Linking arms. Stopping arms

Lat month Adam and I co-facilitated an nonviolent direct action training for activists from the Stop The Arms Fair coalition. These dedicated folk work hard to pop the bubble that surrounds the arms trade. You know the one – it allows those that work for the trade to pretend that it’s all about our defence, that they’re keeping the world safe, and that airshows such as those at Farnborough and Fairfield are harmless entertainment for all the family, rather than arms trade fairs.

It’s been a few years since Adam and I worked together on NVDA training. In the intervening time, we’ve both developed activities and exercises. This was a great opportunity to share some of those ideas and see them in practice.

Within a week of the training: An arms dealer steps over a protester in the doorway of the Imperial War Museum

We took the group through a range of activities to explore the ideas behind NVDA, but also the practical skills of holding a space, actively (but nonviolently) disrupting the events of the Arms industry, passively resisting removal and arrest, dealing with confrontation, and more. We ended with time to prioritise and plan their next steps – at least one of which came very soon after the session.

We threw them into some very dynamic roleplays early in the session. I have to admit watching with some anxiety as our role played police got well and truly stuck in to the activists holding some space. Too much, too soon? If you’d asked me in that moment, I’d have said an unequivocal “yes”, and was itching to tone it down a little. Adam was leading on the activity. He’s firmly grounded in best practice (I’ve learnt loads from him over the years), and he’s done this before this way. In hindsight, whilst it clearly challenged the group in many ways, it also seemed to accelerate their formation as a group and deepened the learning from the day. One of those examples of the best learning coming when people are uncomfortable, and that sometimes we facilitators need to get uncomfortable too.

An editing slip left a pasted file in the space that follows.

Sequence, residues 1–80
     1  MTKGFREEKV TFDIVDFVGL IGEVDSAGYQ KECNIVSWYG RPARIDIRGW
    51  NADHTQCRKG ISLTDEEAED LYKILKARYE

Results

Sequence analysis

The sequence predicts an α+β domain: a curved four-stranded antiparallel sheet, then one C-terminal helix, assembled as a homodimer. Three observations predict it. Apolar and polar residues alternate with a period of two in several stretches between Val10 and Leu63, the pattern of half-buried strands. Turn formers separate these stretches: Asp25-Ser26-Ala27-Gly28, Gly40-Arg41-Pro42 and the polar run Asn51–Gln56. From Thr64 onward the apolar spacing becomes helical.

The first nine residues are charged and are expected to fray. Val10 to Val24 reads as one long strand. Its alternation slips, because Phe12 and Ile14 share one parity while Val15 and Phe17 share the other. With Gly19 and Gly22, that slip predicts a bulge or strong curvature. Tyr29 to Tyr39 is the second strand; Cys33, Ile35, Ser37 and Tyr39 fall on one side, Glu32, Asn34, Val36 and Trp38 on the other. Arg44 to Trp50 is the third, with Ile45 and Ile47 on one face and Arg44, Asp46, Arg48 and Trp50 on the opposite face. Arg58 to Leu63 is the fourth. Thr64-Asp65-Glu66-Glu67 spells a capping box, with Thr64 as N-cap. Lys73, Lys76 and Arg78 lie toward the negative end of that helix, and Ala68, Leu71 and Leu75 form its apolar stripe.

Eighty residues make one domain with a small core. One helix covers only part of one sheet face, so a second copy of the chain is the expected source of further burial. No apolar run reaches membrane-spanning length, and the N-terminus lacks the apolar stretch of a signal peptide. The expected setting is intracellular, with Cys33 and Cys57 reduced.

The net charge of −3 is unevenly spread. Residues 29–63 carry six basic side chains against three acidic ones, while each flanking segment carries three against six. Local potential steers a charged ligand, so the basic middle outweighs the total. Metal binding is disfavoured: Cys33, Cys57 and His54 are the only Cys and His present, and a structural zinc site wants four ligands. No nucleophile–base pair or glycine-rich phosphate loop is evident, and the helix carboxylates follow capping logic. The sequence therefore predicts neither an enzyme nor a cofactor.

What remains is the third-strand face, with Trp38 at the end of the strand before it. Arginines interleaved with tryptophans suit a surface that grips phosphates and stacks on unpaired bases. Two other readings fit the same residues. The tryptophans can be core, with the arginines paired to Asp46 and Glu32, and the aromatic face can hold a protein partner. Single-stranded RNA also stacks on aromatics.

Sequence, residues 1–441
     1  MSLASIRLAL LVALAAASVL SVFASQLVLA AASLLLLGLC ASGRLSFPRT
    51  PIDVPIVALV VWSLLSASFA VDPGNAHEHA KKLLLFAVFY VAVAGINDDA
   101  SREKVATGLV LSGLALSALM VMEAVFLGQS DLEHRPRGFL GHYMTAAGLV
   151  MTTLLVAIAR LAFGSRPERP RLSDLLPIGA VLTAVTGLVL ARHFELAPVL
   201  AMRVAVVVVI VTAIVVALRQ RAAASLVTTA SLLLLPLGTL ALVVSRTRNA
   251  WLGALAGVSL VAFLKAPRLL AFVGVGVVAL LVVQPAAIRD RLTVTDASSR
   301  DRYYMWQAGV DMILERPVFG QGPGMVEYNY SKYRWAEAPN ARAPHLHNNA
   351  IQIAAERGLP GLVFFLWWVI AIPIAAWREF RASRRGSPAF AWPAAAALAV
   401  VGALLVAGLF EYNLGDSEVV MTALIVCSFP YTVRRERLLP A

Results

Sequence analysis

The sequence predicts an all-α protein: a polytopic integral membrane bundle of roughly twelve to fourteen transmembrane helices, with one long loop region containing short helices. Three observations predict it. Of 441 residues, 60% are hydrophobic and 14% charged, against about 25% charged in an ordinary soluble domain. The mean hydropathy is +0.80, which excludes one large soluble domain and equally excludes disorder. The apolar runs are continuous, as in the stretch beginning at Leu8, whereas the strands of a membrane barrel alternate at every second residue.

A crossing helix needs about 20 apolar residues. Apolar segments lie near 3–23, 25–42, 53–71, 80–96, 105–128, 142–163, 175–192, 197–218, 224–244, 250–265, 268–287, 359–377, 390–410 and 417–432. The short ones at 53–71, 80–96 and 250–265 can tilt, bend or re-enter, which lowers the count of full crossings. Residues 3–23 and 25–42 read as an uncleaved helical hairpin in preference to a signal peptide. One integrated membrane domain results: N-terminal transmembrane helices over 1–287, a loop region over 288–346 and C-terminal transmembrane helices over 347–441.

We evaluated using weather metaphors. “Stormy” came up quite often, so we inquired into how people were using the word. I think it’s fair to say that the interpretation was “challenging, energetic, dynamic, even difficult, but in a good way”. Feedback after the event was as you might expect, mixed.  A friendly, relaxed session with good energy, but perhaps failing to make use of all the resources in the room – both in terns of having two facilitators on tap, and in terms of drawing enough from the considerable experience present in the participants.